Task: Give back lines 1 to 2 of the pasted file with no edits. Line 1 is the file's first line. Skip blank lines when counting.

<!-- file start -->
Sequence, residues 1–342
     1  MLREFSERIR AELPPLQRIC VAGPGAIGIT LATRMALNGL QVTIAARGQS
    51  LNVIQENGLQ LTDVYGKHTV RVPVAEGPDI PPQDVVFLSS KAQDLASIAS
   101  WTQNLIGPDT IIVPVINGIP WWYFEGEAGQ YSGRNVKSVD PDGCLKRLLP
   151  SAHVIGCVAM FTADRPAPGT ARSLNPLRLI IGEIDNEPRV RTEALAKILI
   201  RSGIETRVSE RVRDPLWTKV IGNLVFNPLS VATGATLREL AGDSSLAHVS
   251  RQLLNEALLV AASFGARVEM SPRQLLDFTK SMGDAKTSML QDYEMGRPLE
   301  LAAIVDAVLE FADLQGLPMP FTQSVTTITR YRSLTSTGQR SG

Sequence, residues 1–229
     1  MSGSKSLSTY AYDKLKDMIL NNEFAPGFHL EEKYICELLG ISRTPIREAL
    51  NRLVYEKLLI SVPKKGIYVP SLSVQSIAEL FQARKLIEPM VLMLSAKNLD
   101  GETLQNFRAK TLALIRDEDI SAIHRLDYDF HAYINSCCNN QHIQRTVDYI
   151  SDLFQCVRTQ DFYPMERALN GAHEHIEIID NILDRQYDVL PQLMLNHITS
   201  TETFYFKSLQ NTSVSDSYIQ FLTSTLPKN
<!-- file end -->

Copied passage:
Sequence, residues 1–342
     1  MLREFSERIR AELPPLQRIC VAGPGAIGIT LATRMALNGL QVTIAARGQS